JOINT BASE SAN ANTONIO-RANDOLPH, Texas —
As part of the process to scale force development across the enterprise, Air Education and Training Command’s occupational competencies branch is working to forge a new training mindset by assisting career field managers with the development of competency-based learning models for the Air Force’s 266 career fields.
The effort falls underneath the “Advance Force Development” priority area in the just released Headquarters AETC mission, vision and priorities outline.
“This effort to create a template for career fields to use to build got started back in 2017 at Corona with program guidance letter guidance from the Secretary of the Air Force that identified the AETC commander as the Force Development commander,” said Lt. Col. Jamie Wiley, AETC occupational competencies division director. “Our goal has been to create a scalable, repeatable model that can be used to develop Airmen across their entire career, not just within the formal training environment or professional military education.”
To understand why competencies are needed to deliberately grow and develop Airmen throughout their careers, one only needs to think about what it is that distinguishes a top performing Airman from an average one.
“You don’t think about the tasks that make an Airman a top performer; I highly doubt you think about tasks like how well they know definitions or how they build a document,” Villanueva said. “We just don’t think in those terms; we think of the behaviors that make that Airman a top performer. The competencies tie the tasks together with specific behaviors that produce a top performing Airman.”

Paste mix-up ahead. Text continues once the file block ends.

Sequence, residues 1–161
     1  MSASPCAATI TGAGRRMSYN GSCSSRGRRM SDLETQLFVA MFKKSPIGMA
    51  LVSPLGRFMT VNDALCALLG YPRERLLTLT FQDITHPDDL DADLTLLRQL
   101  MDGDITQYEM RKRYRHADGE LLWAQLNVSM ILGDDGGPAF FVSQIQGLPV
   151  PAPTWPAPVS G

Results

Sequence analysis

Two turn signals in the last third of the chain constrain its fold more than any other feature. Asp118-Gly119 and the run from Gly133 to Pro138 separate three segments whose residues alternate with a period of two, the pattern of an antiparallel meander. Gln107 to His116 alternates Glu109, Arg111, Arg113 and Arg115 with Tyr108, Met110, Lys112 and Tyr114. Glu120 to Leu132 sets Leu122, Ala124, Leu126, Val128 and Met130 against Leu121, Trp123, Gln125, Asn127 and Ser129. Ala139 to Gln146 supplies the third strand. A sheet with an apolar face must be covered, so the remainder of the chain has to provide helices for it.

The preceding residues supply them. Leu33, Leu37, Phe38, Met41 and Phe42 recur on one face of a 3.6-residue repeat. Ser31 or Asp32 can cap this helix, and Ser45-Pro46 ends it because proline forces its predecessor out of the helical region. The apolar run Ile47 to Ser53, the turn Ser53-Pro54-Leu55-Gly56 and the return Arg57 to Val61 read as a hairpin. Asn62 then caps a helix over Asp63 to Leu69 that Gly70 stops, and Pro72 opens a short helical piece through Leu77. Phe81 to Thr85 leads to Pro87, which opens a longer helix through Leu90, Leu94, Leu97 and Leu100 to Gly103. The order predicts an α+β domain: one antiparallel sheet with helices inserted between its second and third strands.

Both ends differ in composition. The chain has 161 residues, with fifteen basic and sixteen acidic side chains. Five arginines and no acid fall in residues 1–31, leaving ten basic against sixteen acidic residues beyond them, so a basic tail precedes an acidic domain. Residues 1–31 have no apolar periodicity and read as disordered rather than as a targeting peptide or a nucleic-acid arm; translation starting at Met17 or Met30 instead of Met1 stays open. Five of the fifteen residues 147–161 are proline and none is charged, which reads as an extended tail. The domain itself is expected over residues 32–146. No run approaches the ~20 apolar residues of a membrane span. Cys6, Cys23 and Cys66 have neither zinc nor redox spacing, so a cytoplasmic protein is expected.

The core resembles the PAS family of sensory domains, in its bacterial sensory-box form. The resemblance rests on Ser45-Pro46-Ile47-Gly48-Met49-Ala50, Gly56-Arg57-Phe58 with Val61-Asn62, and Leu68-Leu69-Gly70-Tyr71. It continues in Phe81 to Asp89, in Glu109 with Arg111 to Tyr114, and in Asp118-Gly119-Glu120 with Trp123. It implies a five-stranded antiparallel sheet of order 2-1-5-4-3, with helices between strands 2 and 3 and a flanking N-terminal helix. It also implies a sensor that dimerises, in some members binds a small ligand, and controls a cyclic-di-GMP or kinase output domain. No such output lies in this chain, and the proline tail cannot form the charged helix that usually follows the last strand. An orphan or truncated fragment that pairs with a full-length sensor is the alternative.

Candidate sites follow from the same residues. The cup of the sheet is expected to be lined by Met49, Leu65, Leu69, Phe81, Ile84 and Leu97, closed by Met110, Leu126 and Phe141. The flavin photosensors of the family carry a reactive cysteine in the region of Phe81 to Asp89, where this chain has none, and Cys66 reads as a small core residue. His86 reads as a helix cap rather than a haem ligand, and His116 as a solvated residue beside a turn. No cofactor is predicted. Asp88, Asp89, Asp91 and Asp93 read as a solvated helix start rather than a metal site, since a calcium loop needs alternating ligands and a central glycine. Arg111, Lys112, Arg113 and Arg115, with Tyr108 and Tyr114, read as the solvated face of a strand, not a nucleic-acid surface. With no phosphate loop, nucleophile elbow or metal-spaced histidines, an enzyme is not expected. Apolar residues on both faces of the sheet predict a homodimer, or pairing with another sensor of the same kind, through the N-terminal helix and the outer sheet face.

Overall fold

Competencies also link directly to an Airman’s professional development and Air Force Chief of Staff Gen. David L. Goldfein’s focus area of revitalizing squadrons.
“Competencies get to the heart of making the force ready and lay the foundation for force development, tying directly into the profession of arms and making Airmen more well-rounded,” said Vincent Villanueva, deputy director for the AETC occupational competencies division. “Additionally, career fields can use these competencies to give them time back, which talks directly to revitalizing squadrons.”
To build a competency model, the team looks at task-based knowledge and skills and combines them with other behaviors and soft skills such as teamwork, critical thinking, self-control, resiliency, leadership and stress management that ultimately leads to behavior-based outcomes, Villanueva said.
“Understanding these competencies allow our instructors in the formal training environment to left-load that soft skill training into their curriculum development, helping the career field start building leaders earlier in their careers,” Villanueva said.
The goal to have a scalable, repeatable competency-based model in place was June 2020, which the team shattered.
“We’ve already met our initial goal,” Wiley said. “We held our first career field manager brief in November 2018, and the team’s first study was in February of this year. So far 22 career fields are in some phase of competency model development.”
Cross-functional teams are being used to build common competency models for Air Force Specialty Codes that represent diverse career fields, such as pilots and aircraft maintenance specialties, Wiley said.
To learn more about occupational competency model building, check out the “Developing Mach-21 Airmen” podcast featuring a conversation with Wiley and Villanueva.